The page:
Sociological Concepts, Structural Perspectives, Power, Politics and People   no comments

Posted at 1:57 am in Politics,Sociology

Currently reading: A New Introduction to Sociology – Mike O’Donnell

Brief overview of what has been read:

Currently I have been looking at the fundamentals of sociology, which includes the core principles and basic sociological concepts. Furthermore I have been reading about the founders of sociology: Marx, Durkheim and Weber, and how their views have influenced sociological theory and sociological structural prospective.
The book introduces also Functionalism, Marxism and social action theory, explaining their core differences.
This introduction is covered in good detail in Chapter 1.

Also directing my reading towards the political aspect of sociology, I have been reading about Power, Politics and People. The book explains the core principles of Weber and Marx’s power views. Also looking at the systems of government, such as Democracy, Oligarchy and Dictatorships have been discussed. A really relevant section is the voting models which where explained, including the party identification and social class model, the rational-choice model and the radical model. All arguing a different reason for why trends occur in voting behaviour.

This topic on political sociology can be read in chapter 14.

Knowledge gained and relevance to issue:

To begin with let’s look at the basic sociological concepts, these include self, which as Kuhn suggests is “the core of the personality system”. This can be genetically or socialisation. However sociologists take a minimal view on instinctive behaviour, suggesting that it is shaped by social behaviour instead.

Another concept is socialisation, which is the process of shaping human behaviour through experience in social situations. Cooley suggests that there are type types of socialism, primary and secondary, small groups involving face-to-face relationships and allow the individual to express themselves as a whole, or larger more impersonal groups, formally organised, and for a specific purpose.

Furthermore the concepts of Culture, Values, Norms, Status and Roles are discussed. These all form the basis of the concepts behind sociology.
Looking at the issue that is being addressed (in short, how the use of the web is changing the way society can communicate with the government), these concepts plan a large part on the interaction between both parties. Taking socialisation for instance, which is being defined as either primary or secondary, but the introduction of these new communication methods gives opportunities for the individual to express themselves.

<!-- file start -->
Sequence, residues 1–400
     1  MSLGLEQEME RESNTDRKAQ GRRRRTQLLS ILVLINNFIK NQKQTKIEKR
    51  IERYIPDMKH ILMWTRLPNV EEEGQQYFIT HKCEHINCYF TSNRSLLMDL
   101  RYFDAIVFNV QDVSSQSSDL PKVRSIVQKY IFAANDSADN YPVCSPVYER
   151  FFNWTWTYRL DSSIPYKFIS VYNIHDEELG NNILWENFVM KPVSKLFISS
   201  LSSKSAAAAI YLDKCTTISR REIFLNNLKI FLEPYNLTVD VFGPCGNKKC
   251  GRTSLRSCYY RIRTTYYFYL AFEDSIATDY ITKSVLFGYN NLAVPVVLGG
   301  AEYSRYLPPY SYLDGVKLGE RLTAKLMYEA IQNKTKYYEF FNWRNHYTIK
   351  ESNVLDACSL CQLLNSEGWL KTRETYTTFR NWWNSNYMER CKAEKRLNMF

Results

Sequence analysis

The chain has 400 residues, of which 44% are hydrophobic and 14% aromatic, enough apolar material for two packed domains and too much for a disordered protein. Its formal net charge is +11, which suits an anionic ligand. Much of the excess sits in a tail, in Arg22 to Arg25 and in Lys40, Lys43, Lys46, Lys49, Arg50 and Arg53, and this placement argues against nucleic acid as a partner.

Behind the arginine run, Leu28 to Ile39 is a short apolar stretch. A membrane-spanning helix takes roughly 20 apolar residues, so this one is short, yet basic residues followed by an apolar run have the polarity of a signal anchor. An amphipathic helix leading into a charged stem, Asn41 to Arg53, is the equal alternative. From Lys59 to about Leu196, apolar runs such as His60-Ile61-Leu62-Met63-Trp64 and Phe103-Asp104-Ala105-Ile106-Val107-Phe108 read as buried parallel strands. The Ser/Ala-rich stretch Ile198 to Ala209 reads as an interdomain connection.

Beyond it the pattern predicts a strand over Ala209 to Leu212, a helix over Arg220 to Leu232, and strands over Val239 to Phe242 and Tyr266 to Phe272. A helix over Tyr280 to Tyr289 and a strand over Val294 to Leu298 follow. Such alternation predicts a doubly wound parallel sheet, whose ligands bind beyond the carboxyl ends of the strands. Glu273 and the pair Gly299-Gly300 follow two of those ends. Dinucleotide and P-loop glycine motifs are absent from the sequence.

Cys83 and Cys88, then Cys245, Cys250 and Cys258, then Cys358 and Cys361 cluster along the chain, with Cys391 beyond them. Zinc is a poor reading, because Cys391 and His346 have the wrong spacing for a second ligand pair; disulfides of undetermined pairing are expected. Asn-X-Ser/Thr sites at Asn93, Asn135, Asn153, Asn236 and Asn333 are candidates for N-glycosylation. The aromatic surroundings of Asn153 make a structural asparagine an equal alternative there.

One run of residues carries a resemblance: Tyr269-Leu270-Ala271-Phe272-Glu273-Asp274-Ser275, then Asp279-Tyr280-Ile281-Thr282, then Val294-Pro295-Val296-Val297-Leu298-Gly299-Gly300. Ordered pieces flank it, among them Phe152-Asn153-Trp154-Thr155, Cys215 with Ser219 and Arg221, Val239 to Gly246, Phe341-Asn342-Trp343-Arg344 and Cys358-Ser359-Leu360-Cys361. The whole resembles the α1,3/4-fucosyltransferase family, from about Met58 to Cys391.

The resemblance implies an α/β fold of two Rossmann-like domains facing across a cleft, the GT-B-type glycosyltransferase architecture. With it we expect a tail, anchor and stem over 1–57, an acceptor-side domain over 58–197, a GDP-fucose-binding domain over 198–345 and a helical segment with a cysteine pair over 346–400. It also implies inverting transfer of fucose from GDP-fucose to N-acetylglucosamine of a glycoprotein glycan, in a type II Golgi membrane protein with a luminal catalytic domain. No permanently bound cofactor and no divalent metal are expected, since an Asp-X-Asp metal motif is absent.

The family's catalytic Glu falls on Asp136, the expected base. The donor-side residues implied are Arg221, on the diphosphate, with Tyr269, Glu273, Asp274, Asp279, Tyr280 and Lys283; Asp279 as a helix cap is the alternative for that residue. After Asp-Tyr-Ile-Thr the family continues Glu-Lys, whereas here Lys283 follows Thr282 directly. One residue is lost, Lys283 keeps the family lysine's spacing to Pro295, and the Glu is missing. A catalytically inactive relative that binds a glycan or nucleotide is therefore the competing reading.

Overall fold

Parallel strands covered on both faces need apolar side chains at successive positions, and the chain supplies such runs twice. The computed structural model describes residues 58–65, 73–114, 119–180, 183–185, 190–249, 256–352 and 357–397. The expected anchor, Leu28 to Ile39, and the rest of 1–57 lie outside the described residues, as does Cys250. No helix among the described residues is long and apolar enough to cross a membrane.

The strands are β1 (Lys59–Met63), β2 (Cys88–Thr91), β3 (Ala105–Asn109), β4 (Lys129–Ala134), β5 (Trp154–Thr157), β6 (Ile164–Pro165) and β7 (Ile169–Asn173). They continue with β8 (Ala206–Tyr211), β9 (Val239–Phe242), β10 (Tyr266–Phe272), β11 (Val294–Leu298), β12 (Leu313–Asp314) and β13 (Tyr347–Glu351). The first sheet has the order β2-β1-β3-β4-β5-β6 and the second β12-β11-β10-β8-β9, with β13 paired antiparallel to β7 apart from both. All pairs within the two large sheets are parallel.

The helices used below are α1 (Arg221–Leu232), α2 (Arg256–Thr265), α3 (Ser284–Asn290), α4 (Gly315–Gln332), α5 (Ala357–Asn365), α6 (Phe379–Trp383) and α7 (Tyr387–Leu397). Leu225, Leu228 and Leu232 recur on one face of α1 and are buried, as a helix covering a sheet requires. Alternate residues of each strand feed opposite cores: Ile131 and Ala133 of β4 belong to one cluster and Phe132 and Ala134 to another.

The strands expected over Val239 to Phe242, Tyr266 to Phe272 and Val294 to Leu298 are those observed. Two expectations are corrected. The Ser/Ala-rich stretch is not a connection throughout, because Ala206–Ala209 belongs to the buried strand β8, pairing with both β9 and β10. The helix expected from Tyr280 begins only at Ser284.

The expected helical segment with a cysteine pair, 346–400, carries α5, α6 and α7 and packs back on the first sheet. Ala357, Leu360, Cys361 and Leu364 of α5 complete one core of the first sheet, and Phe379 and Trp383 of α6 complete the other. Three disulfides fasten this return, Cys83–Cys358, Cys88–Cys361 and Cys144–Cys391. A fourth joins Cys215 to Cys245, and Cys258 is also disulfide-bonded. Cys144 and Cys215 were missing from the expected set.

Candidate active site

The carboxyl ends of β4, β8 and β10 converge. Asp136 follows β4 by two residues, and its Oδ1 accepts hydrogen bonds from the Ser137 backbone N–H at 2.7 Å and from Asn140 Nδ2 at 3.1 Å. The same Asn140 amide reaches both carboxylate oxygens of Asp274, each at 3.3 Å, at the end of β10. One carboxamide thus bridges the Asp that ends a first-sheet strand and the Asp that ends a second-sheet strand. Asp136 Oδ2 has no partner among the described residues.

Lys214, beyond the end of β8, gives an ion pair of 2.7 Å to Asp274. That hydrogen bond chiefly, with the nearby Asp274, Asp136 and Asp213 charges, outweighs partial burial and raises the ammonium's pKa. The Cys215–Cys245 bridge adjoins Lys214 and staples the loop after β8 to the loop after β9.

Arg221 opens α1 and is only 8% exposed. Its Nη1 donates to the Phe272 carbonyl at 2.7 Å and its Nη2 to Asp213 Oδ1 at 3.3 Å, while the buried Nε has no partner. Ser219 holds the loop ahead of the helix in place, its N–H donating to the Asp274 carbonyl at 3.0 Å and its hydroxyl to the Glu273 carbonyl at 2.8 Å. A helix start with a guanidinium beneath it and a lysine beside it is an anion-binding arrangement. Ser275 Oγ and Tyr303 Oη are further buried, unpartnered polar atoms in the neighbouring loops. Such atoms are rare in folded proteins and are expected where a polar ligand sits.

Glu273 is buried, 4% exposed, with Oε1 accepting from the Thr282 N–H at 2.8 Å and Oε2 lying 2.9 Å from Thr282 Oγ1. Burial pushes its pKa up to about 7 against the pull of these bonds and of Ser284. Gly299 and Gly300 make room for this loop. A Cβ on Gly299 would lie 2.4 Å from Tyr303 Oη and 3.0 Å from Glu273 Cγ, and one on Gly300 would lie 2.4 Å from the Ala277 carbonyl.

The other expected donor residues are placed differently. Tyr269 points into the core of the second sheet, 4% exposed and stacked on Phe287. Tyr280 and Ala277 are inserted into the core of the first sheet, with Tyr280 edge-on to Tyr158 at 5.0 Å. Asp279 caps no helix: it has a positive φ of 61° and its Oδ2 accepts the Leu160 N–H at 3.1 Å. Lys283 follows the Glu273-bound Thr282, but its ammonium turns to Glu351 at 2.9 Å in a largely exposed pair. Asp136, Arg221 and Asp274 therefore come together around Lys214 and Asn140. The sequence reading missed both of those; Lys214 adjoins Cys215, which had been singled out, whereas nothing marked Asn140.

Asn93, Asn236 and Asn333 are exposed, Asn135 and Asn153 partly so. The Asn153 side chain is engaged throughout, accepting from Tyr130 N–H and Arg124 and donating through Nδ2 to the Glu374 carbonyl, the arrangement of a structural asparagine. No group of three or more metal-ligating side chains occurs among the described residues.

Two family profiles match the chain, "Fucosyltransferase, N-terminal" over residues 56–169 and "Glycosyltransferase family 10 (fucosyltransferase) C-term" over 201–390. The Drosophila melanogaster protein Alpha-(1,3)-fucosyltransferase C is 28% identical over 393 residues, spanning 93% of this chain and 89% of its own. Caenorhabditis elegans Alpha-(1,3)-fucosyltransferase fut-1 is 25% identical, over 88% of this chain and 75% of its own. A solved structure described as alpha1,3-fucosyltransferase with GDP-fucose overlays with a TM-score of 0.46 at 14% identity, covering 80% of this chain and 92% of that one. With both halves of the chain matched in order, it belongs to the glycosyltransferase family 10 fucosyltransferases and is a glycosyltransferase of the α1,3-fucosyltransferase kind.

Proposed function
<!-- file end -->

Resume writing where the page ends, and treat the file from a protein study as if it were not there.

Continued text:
The next thing that needs to be discussed is the founder’s perspective on Society. Marx, Durkheim and Weber all take a different view on sociological theory. Durkheim’s Functionalistic view is based on the prospective that social institutions (i.e. schools, governments) exist to meet basic human needs. Society operates comparative to a biological organism, where the institutions interact with each other for the benefit of society, and power is practically necessary. Marxism however is based on the view that class conflict is the fundamental social force. In a capitalist society, the main social classes are the capitalist class and the working class. These can be seen as the powerful and weakest classes (bourgeoisie or proletariat). Power is also based on class, which is down to wealth and property. Finally Weber’s work, referred to as Social Action Theory tries to integrate the structural prospective and also the interpretive perspective. This takes the view that society is constructed through social interaction, not class. And that power is needed, but tends to agree that power is based on class.

These theories can be discussed in regards to the issue trying to be addressed, especially looking at the relationship between the individual and society, and also what causes social change.

Looking at Politics, Power and Authority, Weber and Marx suggest two views, power is the ability to get ones way (even if it is based on bluff) and power lies in the relations of a group, respectively. These theories can be well discussed regarding the issue of web communications. For instance, if power is the ability to get ones way, they would online forum bulling / spamming show that they user has power; furthermore, just because of a hierarchical structure in a forum, do the higher rated uses have more power, hence more ‘political’ voice?

Looking at the different voting models is also an important aspect that needs to be discussed. If taking the party identification and social class model into consideration, which suggests that historically, and even in contemporary Britain the main factor to explain voting behaviour is class, how does this affect the Web model that is being seen? On the contrary to this, the rational-choice model suggests that voting is mainly the basis of self-interest in relation to the issues being presented. Extrapolating this to the Web, does this suggest that people are only interested in politics that affect them, either their local government or council? Finally the radical model argues that sectoral cleavages (private and public sector) explains trends in voting behaviour, this may in turn distract people from class

These so far are the basic concepts that I have studied in the field of sociology, which is also touching upon political sociology. Further reading now is required into political communications, and concepts being it.

Written by rt506 on February 26th, 2010

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